It has finally happened. The long awaited sequel to ‘Made in Thailand’ is here. The 90s adventure will continue in February. Get ready for a trip back to 90s Thailand.
It has finally happened. The long awaited sequel to ‘Made in Thailand’ is here. The 90s adventure will continue in February. Get ready for a trip back to 90s Thailand.
Christmas is here, and for the Chinese a few days before Christmas Day, it’s Happy Solstice Day. During this time, many Chinese around the world would make rice balls, also known as tong yuen or tang yuan (in Chinese). You could say it’s like Thanksgiving for the Chinese people, an important tradition. The rice balls are made out of glutinous rice flour in the form of play dough, and they are made into many small round balls. Amongst the many small rice balls, a very few large ones are made where some of them have fillings in it such as crushed peanuts, black sesame and red beans. I’ve never been a fan of the ones with fillings. I’ve always preferred my rice balls plain and simple. Colourings are also added to make the rice balls look bright and colourful. Rice balls are always made with close friends and families together as it symbolizes the importance of closeness and bonding.
Some Chinese are very peculiar about the ’roundness’ of the rice balls. They believe that the more ‘perfectly’ round the rice balls are, the stronger the closeness and bonding there is. Just like with my mother, she would always inspect the ’roundness’ of my rice balls. And if any of the rice balls are not as round as it should be, she would sigh loudly and re-rolled them until they were perfect to her, even if it meant re-rolling every single (200 plus) rice balls.
Afterwards, the rice balls are boiled twice in boiling water. The first round is to give them a wash. And in the second and final round, rock sugars, ginger and pandan leaves (pandanus amaryllifolius) are added into the water to give it its final flavour. When it’s done, share and serve the rice balls in small bowls. Those are the ingredients I would add to the ‘soup’ base, but there are also other flavourings used such as brown sugar or rice wine.
I’ve written a couple of posts on Chinese rice balls which you can check out or even learn to make.
Happy Solstice Day!!!
Photo credits to Suzanne Yeang, Chloe Wong, Irene Soo, Lydiana ‘Wewe’ Siti and Phen.
Record one thing you’re grateful for (flatmates with the same shoe size, a FaceTime chat with your mum, that free coffee in Pret – it’s all relative) each day for three weeks. Research says it can improve your mood, sleep and energy.
DAY 5 – The Existence of Starbucks
I am grateful for the existence of Starbucks, because it is what got me drinking coffee in the first place, my first taste, in my mid-teens. It all began with the Iced Coffee Latte. Without Starbucks coffee, I wouldn’t know how I would cope in the mornings. I would not be myself. It has become an addiction streaming in my blood. No other coffee would be like my Starbucks, the way I must have it 🙂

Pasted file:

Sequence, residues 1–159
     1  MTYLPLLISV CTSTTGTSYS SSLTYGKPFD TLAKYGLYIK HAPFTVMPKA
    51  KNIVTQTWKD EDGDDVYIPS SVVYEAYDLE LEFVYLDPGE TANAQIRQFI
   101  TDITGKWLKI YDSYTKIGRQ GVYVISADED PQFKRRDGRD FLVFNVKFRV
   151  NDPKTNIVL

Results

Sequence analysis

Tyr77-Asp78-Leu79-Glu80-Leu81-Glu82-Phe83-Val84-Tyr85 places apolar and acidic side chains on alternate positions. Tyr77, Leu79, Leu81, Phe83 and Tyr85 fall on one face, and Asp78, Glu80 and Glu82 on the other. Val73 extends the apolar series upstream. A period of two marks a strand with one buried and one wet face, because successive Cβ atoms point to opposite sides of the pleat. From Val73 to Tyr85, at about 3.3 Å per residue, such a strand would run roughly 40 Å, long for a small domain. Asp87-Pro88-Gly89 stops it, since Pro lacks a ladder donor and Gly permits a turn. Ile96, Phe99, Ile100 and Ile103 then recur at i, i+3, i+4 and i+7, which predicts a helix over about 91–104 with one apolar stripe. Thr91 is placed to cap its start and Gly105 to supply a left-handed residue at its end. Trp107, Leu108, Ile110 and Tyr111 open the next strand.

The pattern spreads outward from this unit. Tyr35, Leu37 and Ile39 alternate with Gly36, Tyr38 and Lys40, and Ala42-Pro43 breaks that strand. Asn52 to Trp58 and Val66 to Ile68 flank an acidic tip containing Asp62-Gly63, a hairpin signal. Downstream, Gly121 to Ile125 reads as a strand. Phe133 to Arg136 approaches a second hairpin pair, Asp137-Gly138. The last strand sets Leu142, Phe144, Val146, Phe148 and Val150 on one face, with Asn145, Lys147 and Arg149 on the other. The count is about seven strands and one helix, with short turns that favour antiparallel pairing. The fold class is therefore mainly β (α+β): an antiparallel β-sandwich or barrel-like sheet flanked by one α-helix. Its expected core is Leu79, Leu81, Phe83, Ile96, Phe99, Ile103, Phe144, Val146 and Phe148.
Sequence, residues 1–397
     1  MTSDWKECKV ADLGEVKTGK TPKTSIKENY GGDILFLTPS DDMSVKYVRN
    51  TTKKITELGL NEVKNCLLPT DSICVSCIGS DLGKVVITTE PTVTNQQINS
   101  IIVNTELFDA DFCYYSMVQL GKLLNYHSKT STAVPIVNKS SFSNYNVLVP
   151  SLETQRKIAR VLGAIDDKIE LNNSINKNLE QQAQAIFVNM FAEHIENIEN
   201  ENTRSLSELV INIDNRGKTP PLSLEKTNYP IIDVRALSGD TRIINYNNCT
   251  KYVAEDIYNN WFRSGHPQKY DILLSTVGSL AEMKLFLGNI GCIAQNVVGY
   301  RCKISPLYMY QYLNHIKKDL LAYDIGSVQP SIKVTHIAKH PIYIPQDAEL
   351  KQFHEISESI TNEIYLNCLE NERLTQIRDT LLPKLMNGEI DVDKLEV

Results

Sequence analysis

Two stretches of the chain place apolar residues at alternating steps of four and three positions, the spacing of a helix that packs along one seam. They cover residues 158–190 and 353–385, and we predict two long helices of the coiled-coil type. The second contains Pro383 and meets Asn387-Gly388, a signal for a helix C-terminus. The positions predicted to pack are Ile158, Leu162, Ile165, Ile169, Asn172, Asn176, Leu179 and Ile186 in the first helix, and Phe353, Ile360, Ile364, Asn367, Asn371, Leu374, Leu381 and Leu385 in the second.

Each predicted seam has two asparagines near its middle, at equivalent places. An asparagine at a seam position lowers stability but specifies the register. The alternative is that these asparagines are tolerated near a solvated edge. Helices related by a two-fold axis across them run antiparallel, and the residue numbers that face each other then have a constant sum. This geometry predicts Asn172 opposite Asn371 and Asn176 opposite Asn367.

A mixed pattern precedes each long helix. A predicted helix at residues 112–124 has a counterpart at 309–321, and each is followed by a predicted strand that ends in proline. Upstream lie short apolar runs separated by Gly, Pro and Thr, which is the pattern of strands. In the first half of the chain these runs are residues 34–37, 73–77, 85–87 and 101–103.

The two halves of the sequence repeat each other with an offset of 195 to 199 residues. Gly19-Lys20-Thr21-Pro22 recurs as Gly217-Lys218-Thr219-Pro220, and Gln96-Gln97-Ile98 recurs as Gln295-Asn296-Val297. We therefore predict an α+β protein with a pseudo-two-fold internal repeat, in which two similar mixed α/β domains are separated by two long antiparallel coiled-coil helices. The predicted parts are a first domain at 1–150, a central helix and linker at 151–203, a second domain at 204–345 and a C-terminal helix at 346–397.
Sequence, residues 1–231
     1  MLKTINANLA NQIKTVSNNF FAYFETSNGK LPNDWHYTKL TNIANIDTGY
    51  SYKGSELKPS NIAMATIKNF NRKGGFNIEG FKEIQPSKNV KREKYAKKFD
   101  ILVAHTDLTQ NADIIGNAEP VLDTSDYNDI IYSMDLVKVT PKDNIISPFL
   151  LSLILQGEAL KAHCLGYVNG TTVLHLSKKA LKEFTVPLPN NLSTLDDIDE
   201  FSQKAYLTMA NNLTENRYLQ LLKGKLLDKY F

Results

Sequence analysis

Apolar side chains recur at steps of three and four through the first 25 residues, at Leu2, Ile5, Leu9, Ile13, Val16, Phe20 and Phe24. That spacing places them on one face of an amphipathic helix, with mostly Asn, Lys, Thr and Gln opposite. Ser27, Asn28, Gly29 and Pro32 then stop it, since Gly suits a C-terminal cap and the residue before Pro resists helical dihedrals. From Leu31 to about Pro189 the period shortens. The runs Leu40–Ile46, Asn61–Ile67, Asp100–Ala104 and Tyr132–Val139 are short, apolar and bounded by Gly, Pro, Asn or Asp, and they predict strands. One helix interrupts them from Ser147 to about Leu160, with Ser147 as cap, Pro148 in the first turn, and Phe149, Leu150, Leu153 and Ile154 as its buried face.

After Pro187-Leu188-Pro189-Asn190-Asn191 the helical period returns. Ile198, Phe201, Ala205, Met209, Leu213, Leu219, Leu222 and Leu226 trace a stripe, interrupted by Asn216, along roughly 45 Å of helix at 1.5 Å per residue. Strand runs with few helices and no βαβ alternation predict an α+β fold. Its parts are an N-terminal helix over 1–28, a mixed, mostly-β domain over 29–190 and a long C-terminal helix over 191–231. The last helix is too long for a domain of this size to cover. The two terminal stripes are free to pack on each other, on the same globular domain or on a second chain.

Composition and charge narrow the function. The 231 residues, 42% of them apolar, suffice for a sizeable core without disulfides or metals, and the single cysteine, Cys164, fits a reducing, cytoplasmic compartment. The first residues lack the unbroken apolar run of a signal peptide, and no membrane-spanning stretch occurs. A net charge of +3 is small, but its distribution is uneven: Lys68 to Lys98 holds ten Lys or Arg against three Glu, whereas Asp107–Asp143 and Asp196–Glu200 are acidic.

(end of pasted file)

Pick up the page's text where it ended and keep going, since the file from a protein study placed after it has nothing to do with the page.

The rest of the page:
Starbucks, I am grateful for your existence.
According to friends, I tend to make the most delicious Thai green curry. Whether it’s true or not, I have no idea. But they have been asking for the recipe. There are a few ways of making the Thai green curry. With the traditional Thai version, bamboo shoot is put in the curry, which gives it a really strong exotic ‘kick’. The ‘kick’ itself is like a marmite thing. Either you like it or you don’t. As for me, I prefer not to have it as the taste and the smell is quite strong. And with other versions, the sauce is thicker, whereas some have a slightly ‘soupier’ texture. It really depends on how you want the curry and what you want in it, so as long as it tastes like Thai green curry. In this post, I will share with you my version of the curry, also known as PY LAB’s Thai Green Curry, or Puiyin’s green curry amongst my friends.
Get ready onion(s), lemongrass, potatoes and chillies. It’s up to you how much of the ingredients mentioned you want to use. Traditionally, potatoes are not used in the green curry. But because I am a potato freak (I love my potatoes), I always use them in the curry. I have more potatoes in the curry than anything else. I’m not sure if lemongrass is used in the traditional green curry, but I love the ‘kick’ it gives, so I tend to put a lot in. Sometimes I like to use Thai basil as well.
As far as I know, chicken is the main meat used in the Thai green curry. In Thai restaurants, there are other options such as beef, pork, prawns and vegetables. For me, I always use chicken or king prawns.
Chop the ingredients to your size choice and wash them. It’s best not to chop the potatoes too small as they might break up easily during the boiling process later on. And as for the onions, I tend to chop them in big chunks as I don’t want to ‘cry’.
Make sure you have the coconut powder and Thai green curry paste. It’s up to you which brand you use, but bear in mind sometimes it does make a difference to which brand you use. One time I used African coconut bar and the entire curry turned out funny. It tasted nothing like Thai green curry. I always use the Maggi coconut powder as I like the brand itself. You can also use the coconut milk. But if so, it’s best to use the Thai brands.
It’s best to use a pot to cook the curry.
Heat the pot and then add in the oil after it’s hot enough.
Then add in the onions. You can choose to use red or white onions.
After the onions are half cooked, add in the chicken.
Cook until the chicken looks cooked enough.
Then add in some hot water. Just add about no more than 3-4 inch of water level. This is because the more water there is, it’ll be harder to get the curry sauce to become creamy, which is the way I like it. But it’s up to you how much water you want to add in.